PLANT CITY, Fla. - Dave Burba may soon be staking a claim to stardom. He says he has ''struck gold.''
The Cincinnati Reds' journeyman right-hander believes he is in the midst of a breakthrough that could propel him into pitching's elite. He purports to have improved his velocity, his control and the movement on his pitches since last season while reducing the strain on his rotator cuff.
It is the surest sign of spring: A ballplayer with a new reason to believe.
''It's not going to happen overnight,'' Burba cautioned. ''It's going to be an all-year thing. I probably won't be where I want to be till the end of the season. But I've already seen improvement in every aspect of the game: Less pitches, more strikes, better movement, less stress. Everything you could ask as a pitcher.''
Burba credits his quantum leaps to a Reds scout and amateur physicist named Stan Fuller. Fuller, a former sales manager from Macon, Ga., says he has made a 12-year study of the mechanics of baseball, and is eager
to test his theories on major-league talent. Burba is a pitcher whose stuff has always been better than his statistics. Put the two together and you spell synergy.
''I see myself on a plateau right now,'' Burba said Wednesday. ''You have your big-name pitchers, the guys who are pretty good and the guys who are just starting - the OK pitchers. I think I'm in the middle, and I want to get (better). The only way I'm going to get there is better mechanics.''
Burba's fastball has registered 96 miles per hour on Reds radar guns, but he has had a hard time harnessing his heat. He finished 11-13 last year and failed to complete a single start.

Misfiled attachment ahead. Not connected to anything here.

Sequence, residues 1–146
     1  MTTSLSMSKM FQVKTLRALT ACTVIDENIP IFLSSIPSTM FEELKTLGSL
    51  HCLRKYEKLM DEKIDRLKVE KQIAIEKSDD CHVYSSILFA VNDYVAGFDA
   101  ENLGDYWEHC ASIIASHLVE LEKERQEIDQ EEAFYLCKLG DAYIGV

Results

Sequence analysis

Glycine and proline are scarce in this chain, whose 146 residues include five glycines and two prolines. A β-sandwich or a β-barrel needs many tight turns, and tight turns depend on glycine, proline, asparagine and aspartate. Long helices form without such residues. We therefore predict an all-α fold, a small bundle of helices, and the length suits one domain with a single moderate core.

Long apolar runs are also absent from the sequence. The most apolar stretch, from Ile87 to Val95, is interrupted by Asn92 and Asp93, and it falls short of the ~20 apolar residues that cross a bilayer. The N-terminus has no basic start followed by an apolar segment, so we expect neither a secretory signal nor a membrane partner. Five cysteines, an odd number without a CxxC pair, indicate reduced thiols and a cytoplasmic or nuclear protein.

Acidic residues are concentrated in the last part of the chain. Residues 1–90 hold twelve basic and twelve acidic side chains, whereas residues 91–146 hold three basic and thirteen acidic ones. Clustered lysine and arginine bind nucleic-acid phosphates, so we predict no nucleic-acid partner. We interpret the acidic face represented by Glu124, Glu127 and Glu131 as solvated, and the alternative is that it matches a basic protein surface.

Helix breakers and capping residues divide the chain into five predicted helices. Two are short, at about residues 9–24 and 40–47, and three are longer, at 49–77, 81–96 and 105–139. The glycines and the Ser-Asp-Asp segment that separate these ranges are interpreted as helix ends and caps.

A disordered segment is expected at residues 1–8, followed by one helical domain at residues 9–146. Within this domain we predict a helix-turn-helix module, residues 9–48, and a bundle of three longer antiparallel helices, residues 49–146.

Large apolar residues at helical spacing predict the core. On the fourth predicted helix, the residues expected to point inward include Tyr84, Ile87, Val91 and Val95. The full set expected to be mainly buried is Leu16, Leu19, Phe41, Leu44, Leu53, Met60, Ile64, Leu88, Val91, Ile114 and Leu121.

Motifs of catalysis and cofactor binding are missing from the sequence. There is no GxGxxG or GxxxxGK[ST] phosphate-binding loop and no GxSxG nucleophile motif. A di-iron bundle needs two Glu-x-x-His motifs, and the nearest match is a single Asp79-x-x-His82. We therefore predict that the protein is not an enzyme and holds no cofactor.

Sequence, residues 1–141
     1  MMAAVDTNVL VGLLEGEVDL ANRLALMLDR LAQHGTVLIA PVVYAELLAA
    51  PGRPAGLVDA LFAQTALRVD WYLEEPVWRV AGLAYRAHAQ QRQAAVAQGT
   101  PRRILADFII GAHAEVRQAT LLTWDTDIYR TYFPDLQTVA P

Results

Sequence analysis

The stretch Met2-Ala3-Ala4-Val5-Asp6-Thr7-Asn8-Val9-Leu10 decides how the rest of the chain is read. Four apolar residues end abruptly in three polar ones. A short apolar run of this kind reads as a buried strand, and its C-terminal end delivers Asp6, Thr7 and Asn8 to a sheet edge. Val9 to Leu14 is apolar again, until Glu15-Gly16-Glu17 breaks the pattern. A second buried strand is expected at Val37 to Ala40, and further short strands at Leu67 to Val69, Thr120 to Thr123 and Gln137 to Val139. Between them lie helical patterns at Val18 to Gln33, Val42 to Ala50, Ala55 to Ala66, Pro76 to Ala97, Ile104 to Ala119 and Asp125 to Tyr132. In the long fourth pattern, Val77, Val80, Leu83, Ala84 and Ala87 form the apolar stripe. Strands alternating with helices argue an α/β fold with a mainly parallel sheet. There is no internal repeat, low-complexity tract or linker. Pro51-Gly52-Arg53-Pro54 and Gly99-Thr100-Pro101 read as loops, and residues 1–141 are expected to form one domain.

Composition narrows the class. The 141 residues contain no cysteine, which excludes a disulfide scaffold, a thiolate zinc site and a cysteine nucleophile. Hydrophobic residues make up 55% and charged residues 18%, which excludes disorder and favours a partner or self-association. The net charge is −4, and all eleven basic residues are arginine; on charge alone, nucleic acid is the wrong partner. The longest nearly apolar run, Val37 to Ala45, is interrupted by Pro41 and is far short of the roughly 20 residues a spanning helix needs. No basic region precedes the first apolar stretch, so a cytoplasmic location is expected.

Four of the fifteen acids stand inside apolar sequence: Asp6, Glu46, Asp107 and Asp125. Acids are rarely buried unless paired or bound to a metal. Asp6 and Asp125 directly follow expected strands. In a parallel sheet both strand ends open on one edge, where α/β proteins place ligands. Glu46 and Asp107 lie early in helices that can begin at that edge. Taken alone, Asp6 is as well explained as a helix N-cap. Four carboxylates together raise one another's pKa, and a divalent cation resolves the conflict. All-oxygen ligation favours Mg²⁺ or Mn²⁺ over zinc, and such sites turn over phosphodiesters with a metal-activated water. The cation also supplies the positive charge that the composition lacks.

He was prone to many of the problems that afflict pitchers with limited control. He walked too many hitters and went deep in the count so regularly that his stamina was often spent by the seventh inning.
Fuller studied the videotape and saw solutions. He has spent only three days in Burba's company, but has convinced the 30-year-old pitcher that greatness is still within his grasp.
''I think he can win 20 games easy,'' Fuller said. ''Whether he does it or not is up to Dave Burba ... I think he can be on a level with (John) Smoltz. And I'm not saying that just because I work with him. The athlete he is and the work ethic that he's got, I would never say that guy couldn't do anything.''
When Reds General Manager Jim Bowden first learned Burba was working with Fuller, he wasn't sure who the new guru was. Neither was Reds Scouting Director Julian Mock. They later learned Fuller had been put on the payroll as an associate scout - what baseball calls a bird dog - which is about one level higher than an anonymous tip.
Fuller has held similar positions with the Braves and the Cubs, and also serves as a tutor for Russ Branyan, who hit 40 home runs last year for Cleveland's Class A club in Columbus, Ga.
''I can teach hitting or pitching,'' Fuller said. ''It's a mechanical game. It's a science, really ... I'm a baseball mechanic. If you know what's wrong, I know how to fix it.''
The Fuller answer man
Dave Burba's delivery has been overdue for an overhaul. He tends to turn his front shoulder too soon (known in the trade as ''flying open''), and lifts his throwing arm too little. This much was common knowledge. Answers have been more elusive.
''The first time I looked at him, I said, 'This guy's had arm surgery, I guarantee you that,'Ç'' Fuller said. ''He was an accident waiting to happen. We had to reroute his throwing arm. But even though his arm didn't work correctly, it was very loose and that really impressed me.''
At this, Fuller launched into a lengthy discourse on weight distribution and throwing angles and the effect of finger pressure on ball movement. It was more than we wanted to know, and a lot more than we are able to explain.
Dave Burba isn't sure he can explain all of it, either. But for the moment he is content to go with the flow.